With touring car titles in three different countries, Laurent Aïello can claim to be one of that discipline’s recent stars. He also won the endurance classics at Le Mans and Sebring to cap a fine professional career.
Early career in single-seaters
Aïello followed the well-trodden route through single-seater’s junior categories at first and won the 1990 Monaco Formula 3 race when rain accounted for some of the pre-event favourites.
The next two seasons were spent in the FIA Formula 3000 Championship. The 1991 season was blighted by the recalcitrant Lola T91/50-Mugen although he did outscore his more experienced DAMS team-mate Allan McNish thanks to a third place finish at Spa-Francorchamps. Aïello joined reigning champions Pacific Racing for 1992 with continued Marlboro support. He retired while his Reynard 92D-Mugen was running third in the opening race and things only got worse – gathering a meagre three points all season. The Frenchman was Jordan Grand Prix’s test driver for two seasons but his single-seater ambitions were effectively over.
Success in touring cars and at Le Mans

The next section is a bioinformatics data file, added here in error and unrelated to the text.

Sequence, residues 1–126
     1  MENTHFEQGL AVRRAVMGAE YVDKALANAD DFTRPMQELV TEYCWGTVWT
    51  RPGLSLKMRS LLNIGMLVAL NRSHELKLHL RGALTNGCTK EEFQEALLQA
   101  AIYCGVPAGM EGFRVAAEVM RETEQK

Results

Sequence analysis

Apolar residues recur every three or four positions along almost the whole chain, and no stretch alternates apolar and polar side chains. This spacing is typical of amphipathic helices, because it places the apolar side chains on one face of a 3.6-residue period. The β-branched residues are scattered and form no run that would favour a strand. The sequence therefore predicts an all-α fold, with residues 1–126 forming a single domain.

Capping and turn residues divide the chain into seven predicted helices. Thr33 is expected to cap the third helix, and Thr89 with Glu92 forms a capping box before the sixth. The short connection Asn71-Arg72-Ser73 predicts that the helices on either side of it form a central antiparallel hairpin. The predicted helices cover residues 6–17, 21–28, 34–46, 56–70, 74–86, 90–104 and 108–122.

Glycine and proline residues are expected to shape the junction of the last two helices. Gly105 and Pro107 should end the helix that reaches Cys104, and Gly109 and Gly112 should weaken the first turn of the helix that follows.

His rebirth as a touring car driver however could not have been more successful – his ORECA-run works Peugeot won the 1994 French Supertourisme and 1997 German 2-litre titles.
His Le Mans debut in 1998 was sharing the winning works Porsche 911 GT1-98 with McNish and Stéphane Ortelli and his next three appearances in the race resulted in fourth, second and second in successive years driving for Audi. It was some record.
During that time, Aïello also raced in the British Touring Car Championship which he won in 1999 for Nissan. A move to the DTM with Abt Sportsline and Audi also ended in almost inevitable title success in 2002. Aïello continued in the series for another three seasons before retiring from the sport at a surprisingly early age.